Promises made at Good Jobs, Strong Communities--Remain, Reclaim, Rebuild Boston Mayoral Forum

On Friday, September 6, with over 300 residents from across the city watching, Boston's mayoral candidates agreed that:

  • Any business that received any tax break or public subsidy should pay at least the Boston Living Wage of $13.76
  • Major companies, such as fast food chains and retail, where their employees depend on public health insurance (which we view as a subsidy) should pay at least the Boston Living Wage of $13.76


Led by 5 citywide economic justice coalitions, including Action for Regional Equity and sponsored by over 45 community and labor organizations, the Jobs Forum presented a moment for diverse Boston communities to secure commitments from candidates around a unified jobs agenda.  

There was resounding consensus amongst all the candidates (excluding John Connolly who left early) on other core coalition issues as well: 

  • Increase youth jobs funding to $8.5 million leading to 5,000 summer jobs and 1,000 yearlong jobs, increasing the age eligibility to 14-19 year olds 
  • Organize a meeting of 350 of Boston's largest employers who don't hire teens to commit to maintaining youth jobs 
    Increase the hiring goals for the Boston Residents Jobs Policy to meet 51% Boston residents, 51% people of color and 15% women (up from 50-25-10) on all major construction sites 
  • Oppose tax breaks to any downtown developments that do not commit to strong community, housing and workforce benefits for our most vulnerable residents (Golar-Richie: undecided)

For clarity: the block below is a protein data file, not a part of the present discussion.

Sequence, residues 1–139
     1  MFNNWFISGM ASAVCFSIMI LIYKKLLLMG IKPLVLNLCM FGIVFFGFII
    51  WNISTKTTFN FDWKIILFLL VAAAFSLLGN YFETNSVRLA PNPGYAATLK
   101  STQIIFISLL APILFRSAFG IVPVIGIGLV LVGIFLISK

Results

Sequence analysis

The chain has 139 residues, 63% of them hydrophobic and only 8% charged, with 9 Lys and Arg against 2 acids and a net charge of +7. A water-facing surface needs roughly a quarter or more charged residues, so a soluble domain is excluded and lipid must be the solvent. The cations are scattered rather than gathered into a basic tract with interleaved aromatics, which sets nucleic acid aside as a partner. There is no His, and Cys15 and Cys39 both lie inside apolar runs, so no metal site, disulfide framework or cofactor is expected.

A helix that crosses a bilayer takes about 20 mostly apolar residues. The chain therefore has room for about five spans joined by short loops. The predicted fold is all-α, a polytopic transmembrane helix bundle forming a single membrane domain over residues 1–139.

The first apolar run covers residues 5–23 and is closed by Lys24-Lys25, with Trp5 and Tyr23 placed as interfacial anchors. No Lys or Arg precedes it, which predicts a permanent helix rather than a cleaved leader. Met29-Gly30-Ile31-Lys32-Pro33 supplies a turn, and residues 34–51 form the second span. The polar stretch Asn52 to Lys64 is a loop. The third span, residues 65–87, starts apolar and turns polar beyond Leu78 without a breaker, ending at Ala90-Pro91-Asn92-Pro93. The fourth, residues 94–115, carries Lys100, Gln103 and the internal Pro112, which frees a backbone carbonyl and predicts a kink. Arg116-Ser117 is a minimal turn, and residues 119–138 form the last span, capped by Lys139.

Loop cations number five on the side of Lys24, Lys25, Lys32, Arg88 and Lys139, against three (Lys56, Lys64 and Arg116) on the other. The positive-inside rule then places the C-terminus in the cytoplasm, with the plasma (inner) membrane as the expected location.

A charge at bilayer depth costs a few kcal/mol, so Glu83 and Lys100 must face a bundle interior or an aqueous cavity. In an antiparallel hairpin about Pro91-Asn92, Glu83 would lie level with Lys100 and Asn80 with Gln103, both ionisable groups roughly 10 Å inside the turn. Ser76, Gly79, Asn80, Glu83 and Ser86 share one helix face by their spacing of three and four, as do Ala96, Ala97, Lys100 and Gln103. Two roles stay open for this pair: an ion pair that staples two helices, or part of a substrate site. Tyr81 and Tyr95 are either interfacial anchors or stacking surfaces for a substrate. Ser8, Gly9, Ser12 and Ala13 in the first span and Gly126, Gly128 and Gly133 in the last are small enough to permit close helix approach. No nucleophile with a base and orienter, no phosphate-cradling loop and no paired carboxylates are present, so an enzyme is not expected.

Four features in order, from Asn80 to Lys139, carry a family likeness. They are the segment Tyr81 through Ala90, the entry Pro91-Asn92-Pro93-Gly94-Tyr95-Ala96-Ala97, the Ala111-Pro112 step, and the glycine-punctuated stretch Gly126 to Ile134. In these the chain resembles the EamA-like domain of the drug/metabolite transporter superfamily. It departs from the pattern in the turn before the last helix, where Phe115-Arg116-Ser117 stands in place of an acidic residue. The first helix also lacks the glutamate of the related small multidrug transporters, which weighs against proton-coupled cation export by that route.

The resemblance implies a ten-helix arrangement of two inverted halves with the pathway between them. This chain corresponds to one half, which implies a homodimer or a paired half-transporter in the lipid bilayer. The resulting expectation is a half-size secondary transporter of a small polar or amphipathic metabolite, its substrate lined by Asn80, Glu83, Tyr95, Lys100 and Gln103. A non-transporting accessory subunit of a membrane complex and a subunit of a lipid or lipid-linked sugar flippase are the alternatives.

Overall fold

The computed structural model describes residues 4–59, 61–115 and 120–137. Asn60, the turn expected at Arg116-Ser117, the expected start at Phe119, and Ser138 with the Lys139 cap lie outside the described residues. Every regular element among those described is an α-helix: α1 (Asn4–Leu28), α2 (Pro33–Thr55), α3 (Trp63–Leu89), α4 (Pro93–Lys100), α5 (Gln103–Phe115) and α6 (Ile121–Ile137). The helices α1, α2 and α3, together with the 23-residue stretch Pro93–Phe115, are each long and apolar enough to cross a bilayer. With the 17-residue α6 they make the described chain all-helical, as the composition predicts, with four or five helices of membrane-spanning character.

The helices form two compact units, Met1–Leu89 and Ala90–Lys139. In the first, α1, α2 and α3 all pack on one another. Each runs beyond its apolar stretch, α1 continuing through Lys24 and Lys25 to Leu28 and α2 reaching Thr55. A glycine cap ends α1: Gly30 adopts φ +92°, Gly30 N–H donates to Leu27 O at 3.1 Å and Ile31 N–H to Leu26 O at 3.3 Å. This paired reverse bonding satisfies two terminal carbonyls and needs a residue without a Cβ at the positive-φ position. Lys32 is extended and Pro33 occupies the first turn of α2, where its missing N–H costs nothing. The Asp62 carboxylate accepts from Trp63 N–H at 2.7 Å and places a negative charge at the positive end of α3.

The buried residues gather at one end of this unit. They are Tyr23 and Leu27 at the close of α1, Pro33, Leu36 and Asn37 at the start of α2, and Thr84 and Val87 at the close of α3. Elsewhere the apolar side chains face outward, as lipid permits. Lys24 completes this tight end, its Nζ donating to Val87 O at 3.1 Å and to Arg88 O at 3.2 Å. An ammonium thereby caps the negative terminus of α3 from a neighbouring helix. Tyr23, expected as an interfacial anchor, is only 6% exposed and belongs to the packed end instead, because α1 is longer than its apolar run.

• Any new development should abide by existing union and prevailing wage standards for sectors such as janitorial, construction and security workers in their buildings

Read our Open Letter to Boston Mayoral Candidates to see the data on jobs and the challenge we presented to all the candidates.

We thank the hundreds residents who participated in our forum and the 45+ organizational sponsors.     
Conveners: Action for Regional Equity, Boston Jobs Coalition, Community Labor United, Right to the City Boston (501c3), Youth Justice and Power Union 
Producers: Center for Economic Democracy, MassUniting, SEIU 32BJ/615
Sponsors: Alternatives for Community & Environment • Asian American Resource Workshop • Asian Community Development Corporation • Beantown Society • Bikes Not Bombs • Boston Building Trades Council • Boston Student Advisory Council / Youth on Board • Boston Tenant Coalition • Boston Workers Alliance • Center for Economic Democracy • Chelsea Collaborative • Chinese Progressive Association • Chinese Youth Initiative • City Life/Vida Urbana • The City School • The Construction Institute • Design Studio for Social Intervention • Dorchester/Roxbury Labor Committee • Dorchester People for Peace • Dominican Development Center • Economic Justice Research Hub • Fair Housing Center of Greater Boston • Fenway CDC • Future Boston Alliance • Greater Four Corners Action Coalition • HERE Local 26 • Immigrant Worker Center Collaborative • Inquilinos Boricuas en Acción • Jobs With Justice • Leadership Forum • Madison Park Development Corporation • Mass Communities Action Network • MassCOSH Teens Lead at Work • MassCOSH Workers Center • MassUNITING • MassVOTE • Metro West Immigrant Worker Center • Mission SAFE • Neighbors United for a Better East Boston • New England Regional Council of Carpenters • New England United for Justice • Painters District Council 35 • Philips Brooks House Association • Progressive Massachusetts • Project HIP HOP • Project RIGHT • RoxVote • SEIU 32BJ/615 • SEIU 1199 • Somerville Community Corporation • South End/Lower Roxbury Youth Workers' Alliance • South Street Youth Center • Survivors Inc • Tri-City Community Action Program • UMass Labor Resource Center • United for a Fair Economy • Youth Jobs Coalition


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